This is probably a pretty basic question, but I’m looking at the relationship between 2 categorical (nominal) variables and I want to explicitly define the dependent variable. The problem is, the DV has 3 categories, so normal logistic regression wouldn’t work. My next thoughts were to do multinomial regression, but I only have one IV (with 5 categories) so that would also be inappropriate, right? Is this a situation where log linear analysis would work? Any help would be much appreciated.

Thanks in advance.

J-L

Aha, not basic at all.

It IS the exact situation for a log linear analysis. You could also do the multinomial logistic regression if you dummy code the IV. You would get the same results, although the log linear analysis would put them in a more interpretable form. It would be much like doing a linear regression with a single 5-category IV. It works, but it’s a little awkward.

Karen

Thanks very much, Karen. That helps a lot.

This is probably super duper simple and but you were very helpful with my earlier question so I’m going to shelve my embarrassment and ask:

I have a categorical variable with 4 levels and I want to know if the proportions (percentages) of each level are significantly different from each other. My understanding is that a chi square test is not appropriate here, because I don’t have a predictor variable. I have run a frequency analysis (using SPSS) which shows that the percentages for each level are different, but how do I know if they are significantly different (eg at the p<0.05 level?). Simple inspection of the values would indicate that most of them are, but I do have two levels that are only 0.7% different – which may not be statistically significant.

Thanks in advance

Hi J_L,

Oh, first, please don’t be embarrassed. This stuff is abstract–even I need someone to mull things over with sometimes.

You could do a chi-square because you actually have a 4×2. You didn’t say what your percentages were of, but let’s say they are the percentages of Yeses in a Yes/No dichotomy. Your IV in this situation is the 4 level categorical variable. So you’re testing if the percentage of Yeses is equal across the 4 levels.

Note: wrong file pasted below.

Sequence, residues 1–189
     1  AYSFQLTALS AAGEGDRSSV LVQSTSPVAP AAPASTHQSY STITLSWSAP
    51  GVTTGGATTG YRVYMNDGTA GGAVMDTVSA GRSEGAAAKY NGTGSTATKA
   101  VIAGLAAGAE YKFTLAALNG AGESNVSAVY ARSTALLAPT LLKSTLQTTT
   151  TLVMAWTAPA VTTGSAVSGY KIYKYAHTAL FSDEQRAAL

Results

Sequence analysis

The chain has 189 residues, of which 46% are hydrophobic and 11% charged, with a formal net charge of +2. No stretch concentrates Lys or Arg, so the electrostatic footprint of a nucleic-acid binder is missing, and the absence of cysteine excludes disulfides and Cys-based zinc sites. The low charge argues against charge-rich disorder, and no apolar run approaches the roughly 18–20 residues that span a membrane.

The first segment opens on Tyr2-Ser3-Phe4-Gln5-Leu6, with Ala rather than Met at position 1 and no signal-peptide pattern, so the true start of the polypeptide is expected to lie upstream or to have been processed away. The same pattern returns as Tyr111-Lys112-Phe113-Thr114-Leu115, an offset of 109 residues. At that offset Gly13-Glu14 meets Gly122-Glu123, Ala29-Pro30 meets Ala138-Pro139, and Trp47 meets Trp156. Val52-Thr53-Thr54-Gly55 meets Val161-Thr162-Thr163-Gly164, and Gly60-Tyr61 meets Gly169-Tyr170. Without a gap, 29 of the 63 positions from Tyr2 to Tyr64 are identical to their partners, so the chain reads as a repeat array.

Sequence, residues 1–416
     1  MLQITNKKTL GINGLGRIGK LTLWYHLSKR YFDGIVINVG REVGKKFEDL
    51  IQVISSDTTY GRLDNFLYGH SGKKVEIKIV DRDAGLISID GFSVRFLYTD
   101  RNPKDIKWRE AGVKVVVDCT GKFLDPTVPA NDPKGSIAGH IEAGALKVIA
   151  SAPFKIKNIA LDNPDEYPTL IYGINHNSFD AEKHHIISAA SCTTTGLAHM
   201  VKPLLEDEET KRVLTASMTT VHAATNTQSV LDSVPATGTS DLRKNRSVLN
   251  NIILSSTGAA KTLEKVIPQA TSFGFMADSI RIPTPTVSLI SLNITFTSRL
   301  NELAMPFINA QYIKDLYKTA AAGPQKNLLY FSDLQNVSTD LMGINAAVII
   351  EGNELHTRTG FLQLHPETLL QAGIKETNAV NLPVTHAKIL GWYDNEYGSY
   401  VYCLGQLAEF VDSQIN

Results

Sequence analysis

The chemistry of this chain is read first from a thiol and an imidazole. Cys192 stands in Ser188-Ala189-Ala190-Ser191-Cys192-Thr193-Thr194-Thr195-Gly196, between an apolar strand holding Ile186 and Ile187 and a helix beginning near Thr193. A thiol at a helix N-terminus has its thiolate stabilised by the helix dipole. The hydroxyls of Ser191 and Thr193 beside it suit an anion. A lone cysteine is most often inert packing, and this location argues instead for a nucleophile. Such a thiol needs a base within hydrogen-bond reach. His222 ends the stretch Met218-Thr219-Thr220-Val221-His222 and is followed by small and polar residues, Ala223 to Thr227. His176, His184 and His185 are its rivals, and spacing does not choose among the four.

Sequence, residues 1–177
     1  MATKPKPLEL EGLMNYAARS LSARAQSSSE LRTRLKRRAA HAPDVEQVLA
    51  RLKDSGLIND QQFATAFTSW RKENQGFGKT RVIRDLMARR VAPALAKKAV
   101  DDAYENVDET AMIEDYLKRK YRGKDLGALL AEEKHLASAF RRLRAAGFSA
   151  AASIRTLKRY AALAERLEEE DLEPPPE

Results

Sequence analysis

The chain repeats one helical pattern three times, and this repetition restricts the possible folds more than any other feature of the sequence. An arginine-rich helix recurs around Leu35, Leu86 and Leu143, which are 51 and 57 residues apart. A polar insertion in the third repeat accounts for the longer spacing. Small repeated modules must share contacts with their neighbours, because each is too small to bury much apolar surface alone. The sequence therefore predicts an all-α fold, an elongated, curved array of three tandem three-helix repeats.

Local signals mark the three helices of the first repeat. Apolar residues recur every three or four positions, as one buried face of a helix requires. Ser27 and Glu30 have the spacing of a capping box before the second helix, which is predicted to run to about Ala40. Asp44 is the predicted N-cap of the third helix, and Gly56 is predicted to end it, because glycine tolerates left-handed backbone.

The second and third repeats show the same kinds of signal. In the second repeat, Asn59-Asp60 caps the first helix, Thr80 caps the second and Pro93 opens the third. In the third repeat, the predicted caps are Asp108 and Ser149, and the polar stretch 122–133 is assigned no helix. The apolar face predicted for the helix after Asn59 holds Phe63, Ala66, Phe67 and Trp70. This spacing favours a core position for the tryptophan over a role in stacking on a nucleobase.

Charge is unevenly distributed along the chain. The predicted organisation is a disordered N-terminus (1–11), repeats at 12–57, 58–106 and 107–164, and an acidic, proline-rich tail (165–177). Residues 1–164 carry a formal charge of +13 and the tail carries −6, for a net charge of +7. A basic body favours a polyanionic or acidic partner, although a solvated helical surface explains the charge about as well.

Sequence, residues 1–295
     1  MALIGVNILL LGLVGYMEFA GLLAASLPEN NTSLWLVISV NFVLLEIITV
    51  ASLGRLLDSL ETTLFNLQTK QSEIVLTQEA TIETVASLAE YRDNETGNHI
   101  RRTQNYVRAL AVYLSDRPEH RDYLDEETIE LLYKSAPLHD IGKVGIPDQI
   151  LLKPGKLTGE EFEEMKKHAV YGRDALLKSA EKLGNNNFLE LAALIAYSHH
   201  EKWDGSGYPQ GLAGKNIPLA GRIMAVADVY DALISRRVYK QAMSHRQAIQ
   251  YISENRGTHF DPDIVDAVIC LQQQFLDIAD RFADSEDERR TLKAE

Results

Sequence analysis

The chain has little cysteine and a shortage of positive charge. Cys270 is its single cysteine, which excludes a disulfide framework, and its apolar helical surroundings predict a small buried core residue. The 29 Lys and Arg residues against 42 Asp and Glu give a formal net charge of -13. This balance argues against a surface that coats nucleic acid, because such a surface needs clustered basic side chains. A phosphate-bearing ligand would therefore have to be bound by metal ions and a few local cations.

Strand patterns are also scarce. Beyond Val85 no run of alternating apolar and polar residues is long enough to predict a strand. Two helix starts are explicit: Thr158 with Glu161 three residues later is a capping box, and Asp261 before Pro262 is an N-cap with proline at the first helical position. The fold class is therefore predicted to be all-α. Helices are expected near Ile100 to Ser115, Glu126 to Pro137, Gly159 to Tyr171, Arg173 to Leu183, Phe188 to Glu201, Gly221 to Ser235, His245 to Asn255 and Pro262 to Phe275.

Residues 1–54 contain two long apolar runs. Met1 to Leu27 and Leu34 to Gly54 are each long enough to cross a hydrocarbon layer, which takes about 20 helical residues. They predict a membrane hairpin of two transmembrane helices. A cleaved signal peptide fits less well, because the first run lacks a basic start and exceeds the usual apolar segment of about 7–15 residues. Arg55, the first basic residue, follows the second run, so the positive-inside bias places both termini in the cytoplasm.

And technically, a chi-square, like a correlation, doesn’t *really* have an independent and dependent variable. There’s no direction. It’s just testing for an association or not (i.e. dependence or independence).

The other option would be to run something like a logistic regression where the Yes/No variable is the outcome and the four-level grouping variable is the IV.

Karen

Thanks Karen.

My 4 level categorical is a frequency measure of doing a certain task: “often, sometimes, rarely, never” (created from a survey). If I understand correctly the Yes/No variable is created from whether the respondent does or doesn’t do the task. The problem I’m finding when I run this is that (obviously), 100% of the “often, sometimes and rarely” levels are accounted for by the Yeses, and 100% of the ‘never’ level by the Nos.

With the frequency variable as the column in a Crosstab, the output doesn’t show whether there is a difference in the percentage across the Yeses. And with it as the row, there is always a significant difference between the proportion of ‘often’ in the Yes and the proportion of ‘often’ in the ‘No’ (ie 100% to 0%).

I did a non-parametric Chi test (of equal proportions) for just the frequency variable and it showed that the proportions were not equal (significant), but I want to know whether the differences between each level are significantly different. I’m trying to figure out whether the proportion who do the task often is significantly smaller/larger than the proportion who do it sometimes, rarely, never etc.

Sorry for the convoluted (and persistent) reply – this is really baffling me.

Hi J-L,

Aah, this is the problem with answering stat forums without a real conversation. In consultation, I ask a million questions to make sure I understand.

You’re right Chi-square won’t work, and honestly, I would have to get a better idea of *exactly* what your null hypothesis is. NOt just in formal stat terms, but what are you really trying to test. I think I’d have to suggest signing up for a consultation.

Karen

Hi Karen